Saturday, August 03, 2019

The kohen marriage laws

A kohen cannot marry a divorcee, "zonah", or "chalalah". A kohen gadol, additionally, cannot marry a widow. Why do these laws exist?

My theory is that:

1) Speculatively: If a kohen married a promiscuous woman, it would shame him and by extension his priestly office. People would assume that her immorality reflected his immorality, or that he was likely suffering the humiliation of being cheated on by her. To avoid this shame to him and his office, he is prohibited to marry a "zonah", who was promiscuous. Perhaps the law of "chalalah" fits here too.

2) Speculatively: In ancient times divorce was usually due to suspicion of infidelity on the part of the wife. Therefore, a kohen marrying a divorcee would present the same issue as marrying a known promiscuous woman (perhaps to a lesser extent), so the Torah prohibits it.

The Mishna (Gittin 9:10) lists three opinions about when a husband may divorce his wife:
* Beit Shammai: only if he found a "matter of immorality" in her
* Beit Hillel: Even if she burned his food
* R' Akiva: Even if he found a more beautiful woman

Modern halacha follows R' Akiva, but all three opinions have their basis in Biblical verses (mentioned in the Mishna), and it may be assumed that all three are reasonable interpretations of the attitude to divorce expressed in the Bible. If we are to take the "consensus" of these opinions, it seems likely that many divorces in Biblical times were motivated by the wife's suspected adultery, even if there was no requirement that ALL divorces have this basis.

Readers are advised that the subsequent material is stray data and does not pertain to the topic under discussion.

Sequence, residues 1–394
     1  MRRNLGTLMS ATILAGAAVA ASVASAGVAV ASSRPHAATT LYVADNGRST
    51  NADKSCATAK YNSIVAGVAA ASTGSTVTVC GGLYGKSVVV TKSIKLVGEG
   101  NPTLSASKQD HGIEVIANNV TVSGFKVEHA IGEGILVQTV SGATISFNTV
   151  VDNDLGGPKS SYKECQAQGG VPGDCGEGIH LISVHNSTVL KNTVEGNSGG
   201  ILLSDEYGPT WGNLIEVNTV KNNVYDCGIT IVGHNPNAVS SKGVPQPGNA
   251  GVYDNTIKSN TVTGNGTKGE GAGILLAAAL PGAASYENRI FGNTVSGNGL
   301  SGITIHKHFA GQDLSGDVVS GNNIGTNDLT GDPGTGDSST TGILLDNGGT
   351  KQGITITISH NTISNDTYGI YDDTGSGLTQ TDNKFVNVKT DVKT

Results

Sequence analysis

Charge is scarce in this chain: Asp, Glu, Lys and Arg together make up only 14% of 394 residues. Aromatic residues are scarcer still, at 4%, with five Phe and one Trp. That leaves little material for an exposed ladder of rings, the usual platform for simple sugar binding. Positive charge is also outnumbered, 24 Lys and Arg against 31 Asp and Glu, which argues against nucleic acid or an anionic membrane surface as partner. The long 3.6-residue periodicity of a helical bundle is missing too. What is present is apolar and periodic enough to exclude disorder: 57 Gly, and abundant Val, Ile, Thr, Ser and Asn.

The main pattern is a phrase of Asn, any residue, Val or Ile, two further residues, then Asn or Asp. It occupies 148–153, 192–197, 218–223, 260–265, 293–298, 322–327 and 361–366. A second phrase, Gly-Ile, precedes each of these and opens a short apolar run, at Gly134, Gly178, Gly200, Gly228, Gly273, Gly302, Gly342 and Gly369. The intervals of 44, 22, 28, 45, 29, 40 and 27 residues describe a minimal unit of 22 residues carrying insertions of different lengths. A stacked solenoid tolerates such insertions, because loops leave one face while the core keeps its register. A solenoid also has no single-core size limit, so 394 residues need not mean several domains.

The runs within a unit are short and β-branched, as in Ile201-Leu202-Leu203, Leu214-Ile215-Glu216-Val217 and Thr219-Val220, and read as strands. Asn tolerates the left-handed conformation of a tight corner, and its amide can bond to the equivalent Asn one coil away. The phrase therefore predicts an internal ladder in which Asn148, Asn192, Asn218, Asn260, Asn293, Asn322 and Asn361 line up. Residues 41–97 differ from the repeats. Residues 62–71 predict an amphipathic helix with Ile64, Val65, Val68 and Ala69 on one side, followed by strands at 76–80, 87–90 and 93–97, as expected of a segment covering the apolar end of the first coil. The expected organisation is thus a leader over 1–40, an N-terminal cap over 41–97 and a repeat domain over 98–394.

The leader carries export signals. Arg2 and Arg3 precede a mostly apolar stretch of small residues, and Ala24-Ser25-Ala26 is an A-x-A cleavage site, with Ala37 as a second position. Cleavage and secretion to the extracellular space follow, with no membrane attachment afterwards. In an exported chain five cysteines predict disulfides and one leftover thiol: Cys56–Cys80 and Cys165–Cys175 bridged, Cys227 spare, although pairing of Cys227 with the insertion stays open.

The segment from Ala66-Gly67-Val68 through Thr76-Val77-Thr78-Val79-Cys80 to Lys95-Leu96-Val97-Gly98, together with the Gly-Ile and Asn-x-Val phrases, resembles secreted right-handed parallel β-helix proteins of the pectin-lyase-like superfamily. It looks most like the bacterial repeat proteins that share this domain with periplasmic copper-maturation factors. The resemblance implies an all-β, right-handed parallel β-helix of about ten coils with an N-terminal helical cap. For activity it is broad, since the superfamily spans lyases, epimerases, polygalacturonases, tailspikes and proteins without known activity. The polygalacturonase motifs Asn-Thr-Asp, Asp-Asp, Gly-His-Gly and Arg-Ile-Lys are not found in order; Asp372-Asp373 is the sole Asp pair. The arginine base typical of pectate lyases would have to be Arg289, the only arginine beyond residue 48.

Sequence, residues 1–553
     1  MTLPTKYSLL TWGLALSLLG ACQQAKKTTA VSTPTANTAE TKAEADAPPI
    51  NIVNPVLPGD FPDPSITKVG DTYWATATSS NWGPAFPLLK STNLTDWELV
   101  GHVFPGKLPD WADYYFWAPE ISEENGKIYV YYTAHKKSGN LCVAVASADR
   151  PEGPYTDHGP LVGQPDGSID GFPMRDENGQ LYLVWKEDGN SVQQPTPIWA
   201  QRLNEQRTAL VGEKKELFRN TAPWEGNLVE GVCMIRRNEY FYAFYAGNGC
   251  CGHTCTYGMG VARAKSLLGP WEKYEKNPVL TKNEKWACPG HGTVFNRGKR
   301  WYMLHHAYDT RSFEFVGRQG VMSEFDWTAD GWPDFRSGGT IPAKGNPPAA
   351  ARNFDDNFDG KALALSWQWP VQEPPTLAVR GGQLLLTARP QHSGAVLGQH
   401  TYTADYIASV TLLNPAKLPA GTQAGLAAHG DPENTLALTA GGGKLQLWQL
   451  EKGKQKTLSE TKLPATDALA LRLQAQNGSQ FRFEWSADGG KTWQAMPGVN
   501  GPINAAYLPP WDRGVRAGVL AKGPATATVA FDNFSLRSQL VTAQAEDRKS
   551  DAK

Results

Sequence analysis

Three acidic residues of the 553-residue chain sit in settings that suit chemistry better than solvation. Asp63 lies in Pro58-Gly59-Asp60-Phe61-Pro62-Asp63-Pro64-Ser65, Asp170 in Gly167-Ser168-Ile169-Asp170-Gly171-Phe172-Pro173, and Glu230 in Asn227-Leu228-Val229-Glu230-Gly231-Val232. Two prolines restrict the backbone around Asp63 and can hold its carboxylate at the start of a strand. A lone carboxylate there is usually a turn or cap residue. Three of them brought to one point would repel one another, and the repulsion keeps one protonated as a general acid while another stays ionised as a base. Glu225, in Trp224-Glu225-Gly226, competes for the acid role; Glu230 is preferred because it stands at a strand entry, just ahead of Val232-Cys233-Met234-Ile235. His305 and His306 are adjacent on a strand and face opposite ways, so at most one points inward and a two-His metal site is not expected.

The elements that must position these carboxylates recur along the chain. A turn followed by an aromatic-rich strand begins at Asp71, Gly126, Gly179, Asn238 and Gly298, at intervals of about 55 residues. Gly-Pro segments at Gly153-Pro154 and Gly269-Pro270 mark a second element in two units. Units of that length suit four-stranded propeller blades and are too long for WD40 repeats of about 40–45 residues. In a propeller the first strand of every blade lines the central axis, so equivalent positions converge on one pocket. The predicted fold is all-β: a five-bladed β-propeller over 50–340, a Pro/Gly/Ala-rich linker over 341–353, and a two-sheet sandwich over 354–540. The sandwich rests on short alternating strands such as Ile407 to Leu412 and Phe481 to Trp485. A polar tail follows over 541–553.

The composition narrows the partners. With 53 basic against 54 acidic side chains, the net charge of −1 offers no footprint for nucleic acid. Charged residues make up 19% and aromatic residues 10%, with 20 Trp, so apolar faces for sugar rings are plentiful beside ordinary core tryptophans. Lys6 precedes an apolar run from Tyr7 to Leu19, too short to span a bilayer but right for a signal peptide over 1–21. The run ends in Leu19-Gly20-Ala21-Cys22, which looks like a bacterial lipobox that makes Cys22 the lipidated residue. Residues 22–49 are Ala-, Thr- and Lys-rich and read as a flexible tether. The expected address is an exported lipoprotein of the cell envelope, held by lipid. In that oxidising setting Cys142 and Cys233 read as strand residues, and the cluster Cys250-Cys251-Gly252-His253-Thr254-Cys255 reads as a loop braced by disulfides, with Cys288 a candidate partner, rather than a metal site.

Should this approach stigmatize divorcees today as likely adulterers? No. Many divorces nowadays have no connection to adultery, and even if a kohen married a known adulterer, I don't think her stigma would transfer as easily to him now as it did in the past. So nowadays, this is a law without a purpose. This is not disturbing: There are many mitzvot whose purpose was relevant in the ancient world and not today (for example: not making sculptures of the moon, lest you worship it), and I am comfortable adding one more to the list.

This approach suggests that if a woman was divorced and then widowed, she would still be forbidden to a kohen, as the stigma from her original divorce would remain in her history. (This seems to be accepted halacha today.)